At the same time, the Chinese President insisted that he ascribes only to the Chinese communist interpretation of human rights and not what are touted as western rights.
He obliquely defends his government’s response to the minority communities in the Xinjiang province, “Human rights are not special privileges bestowed on some people or a small minority but universal rights to be enjoyed by all the people. We have safeguarded the people’s democratic rights, given full play to their enthusiasm, initiative and creativity, and ensured that in advancing human rights, the people are the main contributors, promoters, and beneficiaries.”
He said human rights are subject and must conform, to “national conditions and the popular will”. Grounding the “universality of human rights within the Chinese context, we have promoted human rights based on our country’s conditions and the needs of our people” and this has “guaranteed that as stipulated by law, people enjoy a full range of human rights that are genuine, specific, effective, and functional”.
He considered elevating “China’s human rights cause” as part of the country’s new journey toward the “Second Centenary Goal of building a modern socialist country”.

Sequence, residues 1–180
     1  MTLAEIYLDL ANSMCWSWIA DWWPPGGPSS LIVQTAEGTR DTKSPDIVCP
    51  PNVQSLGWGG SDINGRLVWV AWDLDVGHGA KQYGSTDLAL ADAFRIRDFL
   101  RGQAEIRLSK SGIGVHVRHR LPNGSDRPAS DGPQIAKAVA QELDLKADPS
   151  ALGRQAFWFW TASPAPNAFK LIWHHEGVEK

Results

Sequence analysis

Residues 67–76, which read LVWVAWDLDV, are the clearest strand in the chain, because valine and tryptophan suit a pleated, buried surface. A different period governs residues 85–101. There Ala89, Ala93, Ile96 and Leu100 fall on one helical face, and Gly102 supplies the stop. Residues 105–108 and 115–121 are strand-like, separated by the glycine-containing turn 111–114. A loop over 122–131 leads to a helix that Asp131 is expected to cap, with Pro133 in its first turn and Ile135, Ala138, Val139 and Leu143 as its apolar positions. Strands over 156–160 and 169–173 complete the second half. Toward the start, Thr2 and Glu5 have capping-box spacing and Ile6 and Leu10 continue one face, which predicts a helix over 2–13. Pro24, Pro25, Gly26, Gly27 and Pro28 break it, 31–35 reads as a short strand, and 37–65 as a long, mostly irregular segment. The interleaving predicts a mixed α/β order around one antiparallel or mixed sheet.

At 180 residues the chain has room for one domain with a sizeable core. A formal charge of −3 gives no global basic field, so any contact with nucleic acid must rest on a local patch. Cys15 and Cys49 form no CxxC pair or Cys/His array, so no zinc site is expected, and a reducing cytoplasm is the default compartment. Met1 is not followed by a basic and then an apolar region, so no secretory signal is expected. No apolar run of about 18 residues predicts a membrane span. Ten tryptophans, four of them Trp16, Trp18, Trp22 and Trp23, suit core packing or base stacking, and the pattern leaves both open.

What exactly is a Chinese human right cause? “We must continue to follow the Chinese approach to advancing human rights, adapt to the people’s new expectations for a better and higher-quality life, and continue to meet their growing demands for rights in all respects. We should promote the coordinated development of the economy, democracy, the rule of law, thought and culture, fairness and justice, social governance, and environmental protection; comprehensively advance initiatives in areas including employment, income distribution, education, social security, health care, housing, elderly care, and support for minors. We will strengthen human rights protection in the process of advancing material, political, cultural, ethical, social and eco-environmental progress.” The rights of religious minorities are missing from this narrative.
(Only the headline and picture of this report may have been reworked by the Business Standard staff; the rest of the content is auto-generated from a syndicated feed.)